Opinion: Dutch PassportsPOSTED: 03/12/14 6:09 PM
We saw somewhere a comment on the price for a Dutch passport in St. Maarten. The question was: why is it more expensive here than in the Netherlands? Good question.
The prices for Dutch passports are detailed on the website rijksoverheid.nl.
There we learn that a passport in the Netherlands costs €50.35 (at the current rate $69.99). This is the maximum price municipalities are allowed to charge, but they are free to charge less.
In the Caribbean Netherlands (Statia, Saba and Bonaire) the maximum price for a passport with a validity of 5 years is $96.37; a passport with a validity of 10 years is $117.28.
Dutch citizens who obtain a passport abroad from a consulate or an embassy pay €115.20 ($160.13) for a passport with a 5-year validity and €131.11 ($182.24) for one with a 10-year validity.
The Government of St. Maarten just published the prices it will charge for passports. For citizens 18 years and older the price is 210 guilders ($117.28), and for those 17 years of age and younger it is 150 guilders ($83.80). These passports are all valid for 10 years.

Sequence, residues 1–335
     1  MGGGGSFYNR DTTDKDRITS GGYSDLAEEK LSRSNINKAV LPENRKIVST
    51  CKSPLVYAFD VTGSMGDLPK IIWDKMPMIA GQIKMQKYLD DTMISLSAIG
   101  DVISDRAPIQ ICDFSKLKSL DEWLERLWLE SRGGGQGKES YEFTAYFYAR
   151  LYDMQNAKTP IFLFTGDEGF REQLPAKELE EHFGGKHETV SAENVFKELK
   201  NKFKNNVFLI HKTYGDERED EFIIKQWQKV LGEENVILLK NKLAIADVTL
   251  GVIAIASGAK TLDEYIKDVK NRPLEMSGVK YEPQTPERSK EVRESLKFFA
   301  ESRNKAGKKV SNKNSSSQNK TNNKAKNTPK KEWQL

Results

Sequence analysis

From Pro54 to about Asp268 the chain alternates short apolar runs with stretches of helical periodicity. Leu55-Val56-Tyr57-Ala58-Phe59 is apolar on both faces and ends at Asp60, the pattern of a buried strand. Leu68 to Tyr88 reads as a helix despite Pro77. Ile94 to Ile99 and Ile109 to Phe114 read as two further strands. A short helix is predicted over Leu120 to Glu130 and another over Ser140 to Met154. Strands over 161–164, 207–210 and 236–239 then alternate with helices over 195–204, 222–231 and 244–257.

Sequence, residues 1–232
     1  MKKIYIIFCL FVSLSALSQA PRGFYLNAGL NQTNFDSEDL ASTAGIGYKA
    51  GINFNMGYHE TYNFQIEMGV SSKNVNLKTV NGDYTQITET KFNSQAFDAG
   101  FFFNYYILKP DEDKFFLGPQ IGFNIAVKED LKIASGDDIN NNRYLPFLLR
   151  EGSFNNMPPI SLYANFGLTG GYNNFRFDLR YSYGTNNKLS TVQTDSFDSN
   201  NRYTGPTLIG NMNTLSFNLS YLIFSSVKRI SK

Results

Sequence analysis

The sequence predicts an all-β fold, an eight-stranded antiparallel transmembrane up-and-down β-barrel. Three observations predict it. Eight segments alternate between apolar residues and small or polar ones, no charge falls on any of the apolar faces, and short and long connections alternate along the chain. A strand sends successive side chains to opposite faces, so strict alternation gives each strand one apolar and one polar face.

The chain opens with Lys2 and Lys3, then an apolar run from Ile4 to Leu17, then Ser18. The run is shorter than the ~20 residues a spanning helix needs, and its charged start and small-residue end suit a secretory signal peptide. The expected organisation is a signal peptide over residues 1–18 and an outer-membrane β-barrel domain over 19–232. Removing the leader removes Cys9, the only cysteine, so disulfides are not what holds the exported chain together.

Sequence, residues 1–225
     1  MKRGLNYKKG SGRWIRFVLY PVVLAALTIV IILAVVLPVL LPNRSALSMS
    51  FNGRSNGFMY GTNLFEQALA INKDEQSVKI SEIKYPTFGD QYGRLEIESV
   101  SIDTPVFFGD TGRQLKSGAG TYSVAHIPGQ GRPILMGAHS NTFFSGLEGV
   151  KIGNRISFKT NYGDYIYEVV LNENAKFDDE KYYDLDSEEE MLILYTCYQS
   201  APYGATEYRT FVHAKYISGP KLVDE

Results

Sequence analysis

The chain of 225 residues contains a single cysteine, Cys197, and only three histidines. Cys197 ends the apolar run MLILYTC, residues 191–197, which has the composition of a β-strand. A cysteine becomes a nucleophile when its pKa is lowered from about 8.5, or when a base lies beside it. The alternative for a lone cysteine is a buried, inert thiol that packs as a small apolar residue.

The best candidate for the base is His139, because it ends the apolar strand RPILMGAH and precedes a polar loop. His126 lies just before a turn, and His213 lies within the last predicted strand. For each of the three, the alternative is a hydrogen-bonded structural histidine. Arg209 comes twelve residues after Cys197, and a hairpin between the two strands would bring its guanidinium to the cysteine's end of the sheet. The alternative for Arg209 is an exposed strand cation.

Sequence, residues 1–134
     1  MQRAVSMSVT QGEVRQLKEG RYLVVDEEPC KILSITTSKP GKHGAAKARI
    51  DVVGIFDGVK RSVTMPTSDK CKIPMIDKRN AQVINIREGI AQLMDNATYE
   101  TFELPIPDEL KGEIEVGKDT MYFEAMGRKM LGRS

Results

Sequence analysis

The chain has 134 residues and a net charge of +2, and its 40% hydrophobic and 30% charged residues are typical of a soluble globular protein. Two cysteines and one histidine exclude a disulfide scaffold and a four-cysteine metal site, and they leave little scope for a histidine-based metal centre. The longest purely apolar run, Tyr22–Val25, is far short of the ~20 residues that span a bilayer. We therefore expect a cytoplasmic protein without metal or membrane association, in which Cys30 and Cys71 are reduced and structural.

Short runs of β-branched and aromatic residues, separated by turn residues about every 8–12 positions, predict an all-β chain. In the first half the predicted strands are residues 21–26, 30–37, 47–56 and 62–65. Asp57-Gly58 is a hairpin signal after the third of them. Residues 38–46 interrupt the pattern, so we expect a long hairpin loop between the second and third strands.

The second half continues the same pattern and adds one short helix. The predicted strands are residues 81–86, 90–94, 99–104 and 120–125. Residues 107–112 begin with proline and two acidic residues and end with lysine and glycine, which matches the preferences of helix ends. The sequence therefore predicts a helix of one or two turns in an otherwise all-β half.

One could obviously argue that a price difference of $47.32 (67.9 percent) between a passport obtained in the Netherlands and one obtained on Pond Island is unreasonable, if not downright ridiculous. Daylight robbery is a term that comes to mind as well. But things could be worse. According to the government information on the website rijksoverheid.nl the prices given for Saba, Statia and Bonaire are maximum prices. For passports in St. Maarten, Curacao and Aruba there is no maximum price.
The price in St. Maarten corresponds with the one on the BES-islands, so there is some justification for the price the government is charging. But the question remains: what is the reason for the price difference with the Netherlands? Do Dutch citizens not have the right to equal treatment, wherever they are in the Kingdom?